|Born||February 28, 1903|
New York City, U.S.
|Died||May 29, 1981 78) (aged|
Los Angeles, California, U.S.
Irving Briskin (1903–1981), was an American film producer of more than 200 films during the 1930s and 1940s.He was the brother of Samuel J. Briskin and Murray Briskin, both also film producers.
Briskin's film career began in 1923 as an auditor for Banner Productions, in New York City. In 1925, he moved to the Henry Ginsburg Distributing Corp.In 1926 he joined Sterling Pictures. In July 1927, when the studio got rid of their foreign broker system and implemented their own foreign sales, Briskin was put in charge, becoming head of their foreign department. That year he negotiated a major sales agreement with Cinematografica Astrea in Barcelona, Spain for distributing all of Sterling's product in Spain and Portugal, as well as six of its films in Italy. And later that same year he negotiated the sale of all 18 Sterling pictures in Hungary. In August 1928, he was named vice president of Sterling and given control over all of the company's operations. By September 1928, Briskin had his own company, Briskin Pictures Corp., headquartered in New York City.
In April 1931, Briskin became president of the newly formed Meteor Pictures, in New York.The new company had been formed from the former Briskin Distributing Company, which Briskin began in the late 1920s. In 1932 he moved over to Columbia Pictures, where the first film he produced was Fighting for Justice , starring Tim McCoy. He was put in charge of all films starring McCoy, and spearheaded the transition of McCoy from Westerns to other types of films. In 1936, Columbia renewed his contract. Briskin's contract to run his own production unit at Columbia was renewed in 1942, and again for three years in 1944. 1945 saw Briskin become the executive assistant to Harry Cohn at Columbia. In 1951, Briskin re-signed a seven-year contract with Columbia, to continue on as vice-president of the studio. In 1952, Briskin announced that he had an inked a deal with Ford Motors for Columbia to produce 39 half-hour films to be shown on television.
In 1956 Briskin began his own production company, Briskin Productions, to release television material through Screen Gems, Columbia's television subsidiary. At the same time, he continued as V.P. at Columbia, and was put in charge of all production at Screen Gems.In doing so, Briskin resigned from his duties as the studio manager for Columbia's film division, to focus on television production. In April 1956, Briskin initiated a series of writing scholarships to encourage young talent. This was the first time in history this had been done. Six schools were to participate, with the first three selected being Fordham University, University of Chicago, and Iowa State University. In May 1946 he hired Mickey Rooney to produce a new series, Calamity Jane, although the show never seems to have been aired. Later in 1956, Briskin negotiated with Sam Cohn for a $1 million budget for television production for Screen Gems. His production produced several series for Screen Gems for the 1957 season, including Casey Jones . Also in 1956, Briskin set up a $2.5 million fund to entice independent producers to create product to be distributed through Screen Gems. The caveat was that the production either had to have a star attached, or be a very "powerful idea". Briskin said, "there are many producers seeking not only financing, but affiliation with an organization which can give their potential programs everything needed from production facilities to distribution and sales."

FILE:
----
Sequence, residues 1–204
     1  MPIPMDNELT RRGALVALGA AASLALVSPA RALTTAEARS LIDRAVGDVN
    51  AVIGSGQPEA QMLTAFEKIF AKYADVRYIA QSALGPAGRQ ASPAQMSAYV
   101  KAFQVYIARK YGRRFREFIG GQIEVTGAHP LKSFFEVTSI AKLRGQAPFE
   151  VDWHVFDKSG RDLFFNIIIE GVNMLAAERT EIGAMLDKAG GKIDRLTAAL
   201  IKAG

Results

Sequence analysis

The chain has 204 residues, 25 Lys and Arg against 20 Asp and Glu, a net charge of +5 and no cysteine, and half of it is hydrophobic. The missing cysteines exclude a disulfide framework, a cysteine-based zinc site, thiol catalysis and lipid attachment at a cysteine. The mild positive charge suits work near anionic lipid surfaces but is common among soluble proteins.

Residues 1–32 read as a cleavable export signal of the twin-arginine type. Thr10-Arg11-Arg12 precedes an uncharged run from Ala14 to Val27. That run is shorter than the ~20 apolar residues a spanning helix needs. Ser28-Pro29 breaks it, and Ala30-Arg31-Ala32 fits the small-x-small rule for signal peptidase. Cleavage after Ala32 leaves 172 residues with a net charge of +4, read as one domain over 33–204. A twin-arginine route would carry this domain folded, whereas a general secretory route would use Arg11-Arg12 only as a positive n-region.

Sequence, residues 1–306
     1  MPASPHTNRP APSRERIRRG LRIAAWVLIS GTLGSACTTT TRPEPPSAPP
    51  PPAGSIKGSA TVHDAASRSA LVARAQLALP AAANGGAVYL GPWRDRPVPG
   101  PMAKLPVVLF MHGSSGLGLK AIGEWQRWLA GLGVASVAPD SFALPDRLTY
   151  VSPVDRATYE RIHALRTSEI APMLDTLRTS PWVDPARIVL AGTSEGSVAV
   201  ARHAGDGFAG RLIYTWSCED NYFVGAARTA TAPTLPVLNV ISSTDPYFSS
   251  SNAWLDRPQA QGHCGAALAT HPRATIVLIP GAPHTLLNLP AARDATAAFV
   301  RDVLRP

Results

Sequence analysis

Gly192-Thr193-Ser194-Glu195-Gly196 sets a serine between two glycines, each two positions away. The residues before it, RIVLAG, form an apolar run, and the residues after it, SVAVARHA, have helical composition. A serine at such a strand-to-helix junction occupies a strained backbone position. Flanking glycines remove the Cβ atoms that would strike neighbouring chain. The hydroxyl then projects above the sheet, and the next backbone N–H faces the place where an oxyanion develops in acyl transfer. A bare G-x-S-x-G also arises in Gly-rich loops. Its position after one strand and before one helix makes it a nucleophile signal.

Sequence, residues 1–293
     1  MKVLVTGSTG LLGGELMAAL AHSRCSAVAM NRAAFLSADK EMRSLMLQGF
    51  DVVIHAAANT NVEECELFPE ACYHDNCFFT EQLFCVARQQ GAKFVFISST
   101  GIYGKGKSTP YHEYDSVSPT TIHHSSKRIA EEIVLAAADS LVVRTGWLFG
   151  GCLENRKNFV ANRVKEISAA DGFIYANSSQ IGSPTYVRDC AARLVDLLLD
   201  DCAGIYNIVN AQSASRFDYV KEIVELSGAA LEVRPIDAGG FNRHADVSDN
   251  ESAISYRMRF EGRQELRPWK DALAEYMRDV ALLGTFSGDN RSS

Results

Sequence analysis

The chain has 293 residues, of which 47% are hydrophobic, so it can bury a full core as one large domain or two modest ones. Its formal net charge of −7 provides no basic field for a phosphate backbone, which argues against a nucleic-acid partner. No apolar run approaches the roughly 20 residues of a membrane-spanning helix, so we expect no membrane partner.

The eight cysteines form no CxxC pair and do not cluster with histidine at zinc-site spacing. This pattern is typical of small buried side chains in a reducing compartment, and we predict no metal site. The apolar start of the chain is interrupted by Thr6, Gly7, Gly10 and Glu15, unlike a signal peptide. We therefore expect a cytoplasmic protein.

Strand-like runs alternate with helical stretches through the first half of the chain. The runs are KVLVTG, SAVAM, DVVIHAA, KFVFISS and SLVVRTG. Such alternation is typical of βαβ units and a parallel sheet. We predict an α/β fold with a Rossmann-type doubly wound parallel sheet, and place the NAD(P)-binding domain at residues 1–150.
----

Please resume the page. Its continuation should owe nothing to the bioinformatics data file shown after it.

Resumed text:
One of the productions Briskin was in charge of was Playhouse 90 , which was broadcast on CBS-TV.By August 1957, Briskin had turned Screen Gems into the leading producer of content for television in Hollywood. One of the projects which Briskin created, but was never released was a television series based on The Secret Life of Walter Mitty , which he created a pilot for, but the three networks passed on due to it being "too adult for popular appeal". In 1959 Briskin was promoted at Columbia, and left the Screen Gems subsidiary, where he was replaced by William Dozier. In 1962, Briskin resigned from Columbia Pictures. However, he came back as an independent producer late in the year. In November, he joined with Debbie Reynolds and formed Harmon Enterprises. Reynolds was the president, with Briskin serving as vice-president. The company was to shoot on MGM lot.
In October 1940, Briskin purchased the Pepper Lane Farm, one of the oldest residences in southern California, dating from the 1850s. The farm was the estate of Alan O. Stearns and was located in Reseda, California, and consisted of seven acres.Briskin sold the estate for $65,000 in 1946 to a non-profit group, Field Photo Homes, Inc., who intended to develop the property into a memorial for the 13 men of the O.S.S.' Field Photo Unit during World War II. The purchase price had been donated by John Ford. The memorial ranch opened in July 1946.
His son, Frederick Briskin, was an assistant director at Columbia,and he also had a daughter, Joyce.
He was elected the head of Temple Israel of Hollywood twice, in 1947 and 1950.In 1950, he served as one of the pallbearers at the funeral of Al Jolson. In June 1955, he suffered a heart attack and was hospitalized at Cedars of Lebanon Hospital. He was also a pall-bearer for Harry Cohn in 1958. Briskin was one of the founding members of the Friar's Club of California.
In 1961, Briskin purchased a 2.5 percent share of the Riviera Hotel in Las Vegas, Nevada for $62,500.In December 1962, Briskin sold his 2.5 percent interest back to hotel corporation, for exactly what he paid for it the year before.
Briskin died on May 29, 1981.
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